Our own Travis Kiger met with the Chairman and Treasurer of the Fullerton Collaborative yesterday to review donations to that group from people who might have had business before the City of Fullerton where the Collaborative’s Executive Director, Pam Keller, sits on the city council. He also looked into whether or not the Collaborative had received contributions from developers – people from whom Pam Keller had specifically refused to take campaign contributions.
From the records made available to him, Travis discovered two prominent names: Pelican-Ontario, an affiliate of the Amerige Court project developers, and the egregious Steve Sheldon, pitchman for the massive Jefferson Commons project. Pelican and Sheldon gave $300 and $1000 to the Collaborative, respectively. Bushala Brothers, Inc., local property owners and developers in Fullerton gave $1000 as well.
The issue of the St. Jude Medical Center participation in the Collaborative, and Keller’s December 2007 votes in favor of their large project on the west side of Harbor Boulevard was also discussed at length.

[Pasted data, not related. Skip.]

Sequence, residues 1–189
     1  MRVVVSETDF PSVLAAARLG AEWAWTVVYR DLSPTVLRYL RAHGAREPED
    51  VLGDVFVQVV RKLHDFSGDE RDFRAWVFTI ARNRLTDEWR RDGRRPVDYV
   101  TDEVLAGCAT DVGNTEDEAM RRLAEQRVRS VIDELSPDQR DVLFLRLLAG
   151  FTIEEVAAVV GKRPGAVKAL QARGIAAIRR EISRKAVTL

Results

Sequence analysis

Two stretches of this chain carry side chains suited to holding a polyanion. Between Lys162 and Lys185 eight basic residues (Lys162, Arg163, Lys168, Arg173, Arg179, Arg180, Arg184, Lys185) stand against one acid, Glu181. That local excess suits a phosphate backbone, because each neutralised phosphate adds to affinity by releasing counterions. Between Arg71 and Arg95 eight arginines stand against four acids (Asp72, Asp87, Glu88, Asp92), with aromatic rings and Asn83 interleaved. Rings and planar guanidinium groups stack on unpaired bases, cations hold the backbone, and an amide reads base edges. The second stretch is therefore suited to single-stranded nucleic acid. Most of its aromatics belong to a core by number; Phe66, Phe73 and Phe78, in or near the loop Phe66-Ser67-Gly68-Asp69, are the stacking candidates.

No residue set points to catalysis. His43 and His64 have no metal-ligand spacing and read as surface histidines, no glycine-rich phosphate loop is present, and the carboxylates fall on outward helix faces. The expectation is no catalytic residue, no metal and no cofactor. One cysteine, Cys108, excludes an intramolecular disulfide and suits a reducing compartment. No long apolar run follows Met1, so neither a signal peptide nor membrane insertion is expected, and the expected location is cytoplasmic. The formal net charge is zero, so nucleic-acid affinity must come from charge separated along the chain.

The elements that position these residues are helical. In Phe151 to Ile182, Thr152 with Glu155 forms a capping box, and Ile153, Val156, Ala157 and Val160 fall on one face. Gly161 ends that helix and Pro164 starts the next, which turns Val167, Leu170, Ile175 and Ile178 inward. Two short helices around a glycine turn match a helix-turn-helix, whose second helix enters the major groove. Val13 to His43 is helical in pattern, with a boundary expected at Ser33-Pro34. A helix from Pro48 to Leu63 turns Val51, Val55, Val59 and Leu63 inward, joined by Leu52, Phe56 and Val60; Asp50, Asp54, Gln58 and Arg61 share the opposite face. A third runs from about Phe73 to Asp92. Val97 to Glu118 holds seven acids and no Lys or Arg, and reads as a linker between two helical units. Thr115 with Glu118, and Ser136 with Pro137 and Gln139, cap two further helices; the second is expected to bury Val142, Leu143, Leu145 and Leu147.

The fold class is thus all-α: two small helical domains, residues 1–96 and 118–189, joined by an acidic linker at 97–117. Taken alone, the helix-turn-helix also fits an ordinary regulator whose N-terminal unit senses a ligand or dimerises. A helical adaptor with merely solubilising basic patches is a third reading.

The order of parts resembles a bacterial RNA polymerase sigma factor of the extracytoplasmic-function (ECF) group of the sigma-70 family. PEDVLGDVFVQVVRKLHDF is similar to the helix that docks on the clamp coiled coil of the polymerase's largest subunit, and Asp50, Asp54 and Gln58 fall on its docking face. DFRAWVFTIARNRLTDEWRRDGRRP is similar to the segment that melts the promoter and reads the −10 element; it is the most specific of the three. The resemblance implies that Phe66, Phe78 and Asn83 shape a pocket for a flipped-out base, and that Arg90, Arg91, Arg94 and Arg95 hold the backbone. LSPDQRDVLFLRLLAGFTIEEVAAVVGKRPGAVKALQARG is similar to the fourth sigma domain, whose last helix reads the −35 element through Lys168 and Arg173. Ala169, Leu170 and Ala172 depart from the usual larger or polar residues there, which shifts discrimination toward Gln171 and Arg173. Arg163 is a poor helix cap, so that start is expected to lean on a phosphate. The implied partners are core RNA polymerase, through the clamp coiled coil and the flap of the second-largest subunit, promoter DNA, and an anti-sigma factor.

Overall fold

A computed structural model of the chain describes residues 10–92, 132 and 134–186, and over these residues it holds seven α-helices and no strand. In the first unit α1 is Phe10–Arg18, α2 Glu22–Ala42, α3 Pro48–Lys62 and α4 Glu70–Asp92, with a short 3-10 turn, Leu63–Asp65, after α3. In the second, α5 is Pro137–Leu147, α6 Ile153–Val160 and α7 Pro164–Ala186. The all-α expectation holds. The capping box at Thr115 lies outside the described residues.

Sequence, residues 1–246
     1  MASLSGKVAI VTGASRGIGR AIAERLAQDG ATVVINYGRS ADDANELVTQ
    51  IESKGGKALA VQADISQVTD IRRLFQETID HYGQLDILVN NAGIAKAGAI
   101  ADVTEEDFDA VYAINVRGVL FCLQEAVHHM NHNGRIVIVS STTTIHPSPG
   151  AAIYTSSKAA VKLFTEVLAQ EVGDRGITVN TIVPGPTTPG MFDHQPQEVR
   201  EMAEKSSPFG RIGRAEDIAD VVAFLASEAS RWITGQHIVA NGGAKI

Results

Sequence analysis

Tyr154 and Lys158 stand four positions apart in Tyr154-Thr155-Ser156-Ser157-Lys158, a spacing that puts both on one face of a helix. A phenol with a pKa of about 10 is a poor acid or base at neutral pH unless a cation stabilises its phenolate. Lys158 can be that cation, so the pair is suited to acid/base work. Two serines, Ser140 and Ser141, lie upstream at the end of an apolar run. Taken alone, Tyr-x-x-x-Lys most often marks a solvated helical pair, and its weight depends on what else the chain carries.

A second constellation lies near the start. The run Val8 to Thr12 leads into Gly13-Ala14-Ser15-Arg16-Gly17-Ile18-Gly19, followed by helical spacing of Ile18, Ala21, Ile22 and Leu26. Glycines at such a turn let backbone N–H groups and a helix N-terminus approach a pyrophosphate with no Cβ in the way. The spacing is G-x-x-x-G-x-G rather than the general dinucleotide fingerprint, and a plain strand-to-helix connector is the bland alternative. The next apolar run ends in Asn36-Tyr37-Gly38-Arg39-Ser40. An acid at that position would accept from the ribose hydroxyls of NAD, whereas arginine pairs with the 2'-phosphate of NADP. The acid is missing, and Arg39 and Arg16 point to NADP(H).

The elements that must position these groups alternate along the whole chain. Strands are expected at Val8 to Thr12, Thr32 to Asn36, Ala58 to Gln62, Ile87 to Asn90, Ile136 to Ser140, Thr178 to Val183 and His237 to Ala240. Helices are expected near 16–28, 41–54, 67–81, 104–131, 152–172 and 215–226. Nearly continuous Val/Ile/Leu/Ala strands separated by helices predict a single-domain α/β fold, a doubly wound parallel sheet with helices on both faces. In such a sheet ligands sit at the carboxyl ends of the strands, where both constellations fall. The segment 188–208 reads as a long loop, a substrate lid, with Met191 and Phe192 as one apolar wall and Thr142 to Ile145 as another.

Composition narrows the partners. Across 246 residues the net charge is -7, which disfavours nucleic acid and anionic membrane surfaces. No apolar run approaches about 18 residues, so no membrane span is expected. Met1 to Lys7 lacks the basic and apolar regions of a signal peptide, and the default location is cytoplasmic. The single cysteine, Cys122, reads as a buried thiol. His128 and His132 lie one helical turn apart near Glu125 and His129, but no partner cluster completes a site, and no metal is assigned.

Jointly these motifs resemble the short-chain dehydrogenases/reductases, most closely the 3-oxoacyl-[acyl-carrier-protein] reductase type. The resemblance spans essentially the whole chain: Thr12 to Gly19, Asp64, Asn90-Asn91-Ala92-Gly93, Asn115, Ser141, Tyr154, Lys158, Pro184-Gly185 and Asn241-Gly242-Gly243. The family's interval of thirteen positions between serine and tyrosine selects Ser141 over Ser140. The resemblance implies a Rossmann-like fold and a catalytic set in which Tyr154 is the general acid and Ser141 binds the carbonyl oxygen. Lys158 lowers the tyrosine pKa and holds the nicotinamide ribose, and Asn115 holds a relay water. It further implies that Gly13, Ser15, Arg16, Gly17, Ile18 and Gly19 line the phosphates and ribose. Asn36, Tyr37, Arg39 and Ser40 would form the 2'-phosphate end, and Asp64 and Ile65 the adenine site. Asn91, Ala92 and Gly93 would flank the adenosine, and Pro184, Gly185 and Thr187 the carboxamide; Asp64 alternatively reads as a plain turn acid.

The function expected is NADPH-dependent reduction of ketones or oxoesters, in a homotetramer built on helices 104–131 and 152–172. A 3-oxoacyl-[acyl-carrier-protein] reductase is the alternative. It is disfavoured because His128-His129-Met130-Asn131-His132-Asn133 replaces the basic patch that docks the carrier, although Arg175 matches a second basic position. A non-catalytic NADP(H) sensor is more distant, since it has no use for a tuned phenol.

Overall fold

The officers of the Collaborative have claimed that the Executive Director is paid from funds separate from those gathered from donations that support Collaborative activities. That may or may not be accurate, but it is true that the typical budget for “Faces of Fullerton,” for instance, includes $5000 for staff salary, and the Collaborative only has one employee – Keller. The larger issue is that contributions made to the Collaborative could, and may have gone to pay for the contract with FSD for Keller’s services. Is it really necessary to parse out different accounts?
The Collaborative leaders also related that in the future they will scrutinize and pre-approve all donations; but that is not any of our business. Our business throughout this affair has been to find out if Pam Keller has been voting on projects applied for by members and contributors to the Collaborative (she has), and whether she has solicited donations from the very developers who she refused to take money from for her campaign (she has).
In conclusion, we make no accusations of illegal behavior on anyone’s part; but is it ethical of Pam Keller to refuse developer campaign contributions only to turn around and solicit them for the Collaborative – an entity she is paid to run? We don’t think so. When she ran for council in 2006 Keller made a big deal about letting the development process be driven by public participation – rather than by outside developers. Her votes to approve the gigantic Jefferson Commons and Amerige Court projects were baffling to many who no doubt took her campaign promises at face value.
There you have it, Friends. You decide.